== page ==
When John Tedesco spoke at a recent Wake County school board meeting about his decision not to seek re-election, a school system staffer snickered, and muttered with no small hint of derision, “Mm-hmm.”
That verbal slip wasn’t accompanied by an eye roll, but that was probably only because he was on camera.
Meanwhile, on Tedesco’s public Facebook page, supporter Judy Hadley wrote enthusiastically after his announcement: “Thank you, John, for your dedicated service to Wake County schools and your dogged determination to get things right!”
Like him or not, it’s apparent that Tedesco, who announced in July that he will not be running for a second term in the District 2 seat, inspired strong feelings in people from all sides. And that was often done just by his presence on the board – which was passionate, but also prone to combativeness and overexposure.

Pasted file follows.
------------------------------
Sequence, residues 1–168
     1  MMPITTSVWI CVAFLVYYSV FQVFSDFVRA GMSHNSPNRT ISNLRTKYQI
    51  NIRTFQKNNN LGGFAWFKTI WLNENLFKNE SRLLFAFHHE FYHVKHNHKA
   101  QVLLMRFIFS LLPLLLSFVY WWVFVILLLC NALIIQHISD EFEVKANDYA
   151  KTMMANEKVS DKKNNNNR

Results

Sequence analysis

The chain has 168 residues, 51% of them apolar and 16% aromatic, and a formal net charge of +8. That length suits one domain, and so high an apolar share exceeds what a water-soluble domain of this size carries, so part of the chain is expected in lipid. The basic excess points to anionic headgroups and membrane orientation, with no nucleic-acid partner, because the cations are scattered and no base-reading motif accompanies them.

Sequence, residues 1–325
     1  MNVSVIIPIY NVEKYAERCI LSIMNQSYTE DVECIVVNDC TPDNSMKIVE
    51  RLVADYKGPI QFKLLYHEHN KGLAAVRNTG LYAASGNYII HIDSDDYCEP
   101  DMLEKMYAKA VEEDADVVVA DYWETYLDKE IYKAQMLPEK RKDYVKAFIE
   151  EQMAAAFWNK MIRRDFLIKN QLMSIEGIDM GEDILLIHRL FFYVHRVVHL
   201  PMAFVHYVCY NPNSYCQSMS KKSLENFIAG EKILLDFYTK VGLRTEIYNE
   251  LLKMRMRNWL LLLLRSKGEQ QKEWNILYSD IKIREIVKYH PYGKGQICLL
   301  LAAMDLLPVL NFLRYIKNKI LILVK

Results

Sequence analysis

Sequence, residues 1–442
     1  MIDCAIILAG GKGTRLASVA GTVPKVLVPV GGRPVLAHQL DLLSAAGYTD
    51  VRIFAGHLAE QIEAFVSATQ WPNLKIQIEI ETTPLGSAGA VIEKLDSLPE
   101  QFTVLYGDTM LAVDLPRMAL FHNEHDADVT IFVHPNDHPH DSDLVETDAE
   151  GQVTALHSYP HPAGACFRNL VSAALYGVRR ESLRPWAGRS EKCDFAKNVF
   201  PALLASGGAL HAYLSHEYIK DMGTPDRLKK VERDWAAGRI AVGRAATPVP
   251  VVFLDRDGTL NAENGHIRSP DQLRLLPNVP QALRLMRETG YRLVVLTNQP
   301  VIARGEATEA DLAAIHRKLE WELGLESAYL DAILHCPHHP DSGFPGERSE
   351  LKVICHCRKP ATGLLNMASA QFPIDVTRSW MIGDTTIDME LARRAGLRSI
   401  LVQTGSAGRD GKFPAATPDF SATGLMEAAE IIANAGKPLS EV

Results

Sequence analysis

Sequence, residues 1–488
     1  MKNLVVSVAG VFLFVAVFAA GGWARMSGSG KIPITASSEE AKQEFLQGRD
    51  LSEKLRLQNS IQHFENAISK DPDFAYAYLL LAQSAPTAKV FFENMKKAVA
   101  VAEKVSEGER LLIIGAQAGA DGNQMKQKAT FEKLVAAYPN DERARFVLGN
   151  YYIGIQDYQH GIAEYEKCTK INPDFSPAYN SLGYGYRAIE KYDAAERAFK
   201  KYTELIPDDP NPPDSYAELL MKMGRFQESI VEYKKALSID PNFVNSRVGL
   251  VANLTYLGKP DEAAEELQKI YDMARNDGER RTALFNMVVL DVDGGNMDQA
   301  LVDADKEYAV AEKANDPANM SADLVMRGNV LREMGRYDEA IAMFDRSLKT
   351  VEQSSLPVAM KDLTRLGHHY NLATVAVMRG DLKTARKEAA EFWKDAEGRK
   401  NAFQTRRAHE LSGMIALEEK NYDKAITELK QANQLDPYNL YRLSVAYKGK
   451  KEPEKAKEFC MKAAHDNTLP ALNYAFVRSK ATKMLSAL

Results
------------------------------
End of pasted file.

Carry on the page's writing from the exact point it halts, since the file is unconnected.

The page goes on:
During a recent interview with the Raleigh Public Record, Tedesco reflected upon his work, talked about what he would have done differently and what he considers the biggest accomplishment of his term.
In hindsight, Tedesco said, he realizes now that some of his actions could have used a softer approach.
In 2009, Tedesco was part of the Republican majority elected to the board that voted to do away with the decade-old income-based reassignment plan at its very first meeting. The move set off alarms within a number of communities, in particular the North Carolina NAACP.
“I had to learn to be more empathetic and understanding. We probably could’ve benefitted better in 2009 from doing it more slowly and deliberately,” Tedesco said.